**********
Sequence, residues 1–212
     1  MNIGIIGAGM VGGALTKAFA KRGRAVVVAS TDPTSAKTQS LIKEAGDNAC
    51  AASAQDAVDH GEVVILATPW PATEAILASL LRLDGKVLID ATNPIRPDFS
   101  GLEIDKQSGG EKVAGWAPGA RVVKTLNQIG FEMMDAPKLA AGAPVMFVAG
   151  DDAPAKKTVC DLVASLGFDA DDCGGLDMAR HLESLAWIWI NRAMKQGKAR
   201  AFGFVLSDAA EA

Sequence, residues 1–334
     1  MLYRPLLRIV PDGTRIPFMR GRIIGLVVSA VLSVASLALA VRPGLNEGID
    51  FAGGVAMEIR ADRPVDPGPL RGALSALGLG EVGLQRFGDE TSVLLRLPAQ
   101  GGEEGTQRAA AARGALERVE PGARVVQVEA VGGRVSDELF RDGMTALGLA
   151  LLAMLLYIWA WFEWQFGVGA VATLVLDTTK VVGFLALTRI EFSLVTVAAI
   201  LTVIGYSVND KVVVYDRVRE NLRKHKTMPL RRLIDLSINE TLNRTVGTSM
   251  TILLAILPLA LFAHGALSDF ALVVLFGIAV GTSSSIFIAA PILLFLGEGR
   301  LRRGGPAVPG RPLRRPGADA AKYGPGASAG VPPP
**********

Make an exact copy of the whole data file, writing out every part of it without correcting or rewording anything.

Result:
Sequence, residues 1–212
     1  MNIGIIGAGM VGGALTKAFA KRGRAVVVAS TDPTSAKTQS LIKEAGDNAC
    51  AASAQDAVDH GEVVILATPW PATEAILASL LRLDGKVLID ATNPIRPDFS
   101  GLEIDKQSGG EKVAGWAPGA RVVKTLNQIG FEMMDAPKLA AGAPVMFVAG
   151  DDAPAKKTVC DLVASLGFDA DDCGGLDMAR HLESLAWIWI NRAMKQGKAR
   201  AFGFVLSDAA EA

Sequence, residues 1–334
     1  MLYRPLLRIV PDGTRIPFMR GRIIGLVVSA VLSVASLALA VRPGLNEGID
    51  FAGGVAMEIR ADRPVDPGPL RGALSALGLG EVGLQRFGDE TSVLLRLPAQ
   101  GGEEGTQRAA AARGALERVE PGARVVQVEA VGGRVSDELF RDGMTALGLA
   151  LLAMLLYIWA WFEWQFGVGA VATLVLDTTK VVGFLALTRI EFSLVTVAAI
   201  LTVIGYSVND KVVVYDRVRE NLRKHKTMPL RRLIDLSINE TLNRTVGTSM
   251  TILLAILPLA LFAHGALSDF ALVVLFGIAV GTSSSIFIAA PILLFLGEGR
   301  LRRGGPAVPG RPLRRPGADA AKYGPGASAG VPPP